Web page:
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Robert Downey Jr. lets his armor down with "Iron Man" fans during Comic-Con International 2012.
Self-styled superheroes can rest easy in the knowledge that Comic-Con will be staying in San Diego - at least until 2016.
San Diego Mayor Jerry Sanders announced Monday that the annual pop culture gathering has extended its contract to use the convention center through 2016. Previously the agreement was set to expire in 2015.
Comic-Con is a huge asset for San Diego drawing more than 130,000 attendees over the four-day fest and contributing more than $180 million to the city's economy, according to Sanders.
In 2010 San Diego faced stiff competition from rival Southern California cities Anaheim and Los Angeles over the rights to host the festival. Both contenders have larger convention centers. By extending the the contract to 2016, San Diego gains more time to move forward with its proposed expansion of the waterfront convention center. Currently the event encompasses the entire center as well as nearby hotels and some businesses in the Gaslamp Quarter.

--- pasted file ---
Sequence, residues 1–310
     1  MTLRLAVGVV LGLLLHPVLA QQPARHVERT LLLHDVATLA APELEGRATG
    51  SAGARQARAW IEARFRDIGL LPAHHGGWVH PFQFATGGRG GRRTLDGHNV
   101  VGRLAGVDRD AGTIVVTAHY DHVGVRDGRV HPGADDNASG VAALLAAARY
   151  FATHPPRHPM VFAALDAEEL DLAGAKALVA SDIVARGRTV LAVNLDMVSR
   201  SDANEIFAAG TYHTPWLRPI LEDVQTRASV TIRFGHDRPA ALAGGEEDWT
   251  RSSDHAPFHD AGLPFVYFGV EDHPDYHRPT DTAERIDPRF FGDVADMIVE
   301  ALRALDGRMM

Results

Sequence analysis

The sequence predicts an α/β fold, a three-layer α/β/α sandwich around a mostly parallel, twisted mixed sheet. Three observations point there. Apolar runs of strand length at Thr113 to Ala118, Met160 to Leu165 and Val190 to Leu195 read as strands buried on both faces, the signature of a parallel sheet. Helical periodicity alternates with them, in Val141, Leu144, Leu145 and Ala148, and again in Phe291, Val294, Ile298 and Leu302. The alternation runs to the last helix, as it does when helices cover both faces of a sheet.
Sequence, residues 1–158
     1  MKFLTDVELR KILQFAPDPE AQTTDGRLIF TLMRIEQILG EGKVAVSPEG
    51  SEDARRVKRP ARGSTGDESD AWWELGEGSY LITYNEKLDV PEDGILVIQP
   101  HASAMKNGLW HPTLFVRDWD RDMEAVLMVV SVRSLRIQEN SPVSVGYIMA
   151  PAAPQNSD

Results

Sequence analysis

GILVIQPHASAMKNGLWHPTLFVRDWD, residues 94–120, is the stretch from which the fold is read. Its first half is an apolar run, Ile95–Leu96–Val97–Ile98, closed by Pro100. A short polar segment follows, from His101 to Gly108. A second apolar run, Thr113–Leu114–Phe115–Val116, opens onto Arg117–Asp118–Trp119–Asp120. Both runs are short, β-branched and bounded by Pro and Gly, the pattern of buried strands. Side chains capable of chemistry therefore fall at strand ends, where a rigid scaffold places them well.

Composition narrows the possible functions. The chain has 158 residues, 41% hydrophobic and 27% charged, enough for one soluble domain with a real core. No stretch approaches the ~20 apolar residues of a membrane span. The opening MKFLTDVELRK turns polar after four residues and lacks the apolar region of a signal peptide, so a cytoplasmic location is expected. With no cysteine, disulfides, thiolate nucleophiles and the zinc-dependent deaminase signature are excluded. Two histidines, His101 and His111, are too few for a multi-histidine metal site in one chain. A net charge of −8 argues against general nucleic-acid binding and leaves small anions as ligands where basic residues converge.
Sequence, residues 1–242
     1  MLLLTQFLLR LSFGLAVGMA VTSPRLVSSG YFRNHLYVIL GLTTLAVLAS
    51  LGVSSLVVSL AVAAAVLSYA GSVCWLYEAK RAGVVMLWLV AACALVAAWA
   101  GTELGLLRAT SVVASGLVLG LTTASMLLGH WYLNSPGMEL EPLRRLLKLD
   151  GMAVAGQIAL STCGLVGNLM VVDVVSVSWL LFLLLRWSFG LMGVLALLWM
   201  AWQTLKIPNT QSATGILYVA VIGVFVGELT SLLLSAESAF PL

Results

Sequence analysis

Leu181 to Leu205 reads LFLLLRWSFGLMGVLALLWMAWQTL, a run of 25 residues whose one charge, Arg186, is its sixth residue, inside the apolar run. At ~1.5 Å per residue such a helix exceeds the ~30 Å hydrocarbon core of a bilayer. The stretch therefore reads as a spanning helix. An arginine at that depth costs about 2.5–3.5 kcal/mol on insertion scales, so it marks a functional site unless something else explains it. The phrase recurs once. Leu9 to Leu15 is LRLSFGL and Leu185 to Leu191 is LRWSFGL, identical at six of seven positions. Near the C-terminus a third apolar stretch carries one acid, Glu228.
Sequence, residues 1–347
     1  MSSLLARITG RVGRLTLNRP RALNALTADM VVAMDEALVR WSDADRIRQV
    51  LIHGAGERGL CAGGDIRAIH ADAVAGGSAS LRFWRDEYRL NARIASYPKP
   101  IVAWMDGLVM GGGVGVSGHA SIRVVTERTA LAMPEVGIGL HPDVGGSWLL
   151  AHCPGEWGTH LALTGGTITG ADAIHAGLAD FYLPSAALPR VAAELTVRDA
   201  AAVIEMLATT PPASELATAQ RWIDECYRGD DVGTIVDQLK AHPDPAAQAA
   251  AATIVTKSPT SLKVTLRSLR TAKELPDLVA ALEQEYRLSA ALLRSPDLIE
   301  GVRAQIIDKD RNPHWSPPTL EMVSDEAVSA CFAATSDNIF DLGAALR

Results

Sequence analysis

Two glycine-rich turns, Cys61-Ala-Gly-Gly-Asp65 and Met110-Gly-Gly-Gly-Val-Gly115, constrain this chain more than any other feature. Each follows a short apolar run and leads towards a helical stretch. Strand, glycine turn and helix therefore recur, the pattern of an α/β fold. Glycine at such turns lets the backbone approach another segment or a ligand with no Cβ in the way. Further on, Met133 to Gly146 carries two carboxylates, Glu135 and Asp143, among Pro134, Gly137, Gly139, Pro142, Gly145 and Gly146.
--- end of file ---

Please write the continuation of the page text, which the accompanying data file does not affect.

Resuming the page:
"We were born in San Diego, so our hope is to stay here," Comic-Con spokesperson David Glanzer said during the Monday news conference. "But first and foremost, we have to look at the ability to put on a successful show and meet the needs of the people who attend the show."
The inaugural convention took place in 1970 at the Grant Hotel playing host to a mere 300 people. This year's fest drew more than 100,000 fans and attracted Hollywood stars such as Emily Blunt, Jodie Foster, Matt Damon, Colin Farrell and "The Hobbit" director Peter Jackson.
Comic-Con 2013 will fire its thrusters once again from July 18 through July 21.